This post is part of the Gluten-Free Ratio Rally, a group of gluten-free bloggers inspired and empowered by Ruhlman‘s Ratio and started by Shauna at Gluten-Free Girl. We get together each month and post many different takes on the same theme. This month that theme is Gluten-Free Angel Food Cake and the rally is being hosted by Caleigh from Gluten Free[k].
Today is about finding and celebrating joy.
Because it is here. In every day. Even when it hurts to put on real pants. And some days, I need to remind myself of it.
Joy is seeing art exhibits and taking tours in French of the Art Institute with my aunt.
Joy is my cat telling me it is time to go to bed by sitting on my chest so I can no longer see the computer screen. And then refusing to move until i go to sleep.
Joy is how I feel when I step of the train in the Loop and the promise of a good day is hanging in the air.
Joy is a hug sent via email from a friend on the opposite side of the world. And a phone call from that same friend at exactly the wrong time because someone can’t do math.
This is what I am focusing on today.
And sometimes, all you need is a little cake to bring it to you.
3 parts egg whites: 3 parts sugar: 1 part flour (the lighter the better).
Not going to lie, I love angel food cake. And there is a recipe that we have used often in our house – one that is gluten free just because it is. The one from the back of the Swan’s Down Potato Starch. It is quite lovely, and it means, dear readers, that this is a fairly flexible cake. Add cocoa or ground chocolate in place of some of the flour for a chocolate cake. Use potato starch or arrowroot because that is what you happen to have. You will still end up with a magical, light cake.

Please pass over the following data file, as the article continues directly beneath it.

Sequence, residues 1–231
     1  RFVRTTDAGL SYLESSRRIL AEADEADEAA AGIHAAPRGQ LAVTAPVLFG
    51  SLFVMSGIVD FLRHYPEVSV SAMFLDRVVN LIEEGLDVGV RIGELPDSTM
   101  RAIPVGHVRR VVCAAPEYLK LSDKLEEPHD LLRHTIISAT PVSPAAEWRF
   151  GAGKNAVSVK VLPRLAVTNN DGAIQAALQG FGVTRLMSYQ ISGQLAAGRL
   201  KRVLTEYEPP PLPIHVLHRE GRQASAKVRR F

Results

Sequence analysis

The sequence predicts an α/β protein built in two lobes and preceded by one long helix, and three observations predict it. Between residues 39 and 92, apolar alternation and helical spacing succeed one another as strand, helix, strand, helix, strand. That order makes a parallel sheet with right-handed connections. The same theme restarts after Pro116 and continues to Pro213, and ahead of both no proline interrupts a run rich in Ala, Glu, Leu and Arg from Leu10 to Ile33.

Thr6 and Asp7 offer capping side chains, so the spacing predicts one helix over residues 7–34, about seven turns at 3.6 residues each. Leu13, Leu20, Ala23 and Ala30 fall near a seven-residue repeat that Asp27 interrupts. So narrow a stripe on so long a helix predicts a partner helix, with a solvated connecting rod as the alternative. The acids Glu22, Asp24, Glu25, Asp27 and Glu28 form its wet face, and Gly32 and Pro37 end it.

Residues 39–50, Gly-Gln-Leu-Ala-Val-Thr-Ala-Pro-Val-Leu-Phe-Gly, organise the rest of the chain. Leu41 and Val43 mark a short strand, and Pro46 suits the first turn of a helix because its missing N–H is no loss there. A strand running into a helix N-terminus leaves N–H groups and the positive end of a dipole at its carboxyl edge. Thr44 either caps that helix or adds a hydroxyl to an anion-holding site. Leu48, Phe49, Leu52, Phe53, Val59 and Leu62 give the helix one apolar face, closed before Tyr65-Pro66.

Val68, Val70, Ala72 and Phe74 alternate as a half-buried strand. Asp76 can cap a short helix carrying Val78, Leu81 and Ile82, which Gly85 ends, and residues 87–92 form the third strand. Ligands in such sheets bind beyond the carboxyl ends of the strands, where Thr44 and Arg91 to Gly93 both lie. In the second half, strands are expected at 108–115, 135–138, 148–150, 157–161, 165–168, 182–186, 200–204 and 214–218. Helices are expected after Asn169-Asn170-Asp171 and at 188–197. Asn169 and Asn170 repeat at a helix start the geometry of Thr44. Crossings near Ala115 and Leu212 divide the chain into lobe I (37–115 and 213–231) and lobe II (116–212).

Well, as long as you resist the urge to brush the warm cake with the earl grey syrup. Because I did not. And I melted my cake. And I know better. At least it still tastes good.
Rainier cherries pan roasted with cointreau. Earl grey syrup. Orange extract in the cake. I would say, dear friends, that this is one sophisticated cake. The cointreau and the orange extract in the cake help pull the bergamot flavors to the forefront in the tea syrup. The tea itself gives a complex background for the oh-so-sweet cherries.
I whole heartedly suggest that you try the cake with all of these components. Sure, the cake on its own with fresh berries and home made whipped cream would be a perfectly simple dessert. But this my friends, is a rockstar dessert.
This is not your mom’s tired angel food cake.
This is not the Styrofoam textured cake that you can buy at the grocery store (yes, the filled with gluten kind).
This is a melt-in-your-mouth cake. A curl your toes with delight cake. This is the cake you want to make when you are trying to impress someone with your mad skills but can’t pipe frosting for the life of you. Or if you think you aren’t an accomplished baker.
[toggle title_open=”The others!” title_closed=”See the other posts from this month’s rally” hide=”yes” border=”yes” style=”default” excerpt_length=”0″ read_more_text=”Read More” read_less_text=”Read Less” include_excerpt_html=”no”]The others
Adina | Gluten Free Travelette made Cacao Spice Angel Food Cake
Angela | Angela’s Kitchen made Grilled Lemon Angel Food Cake with Lemon Curd and Berries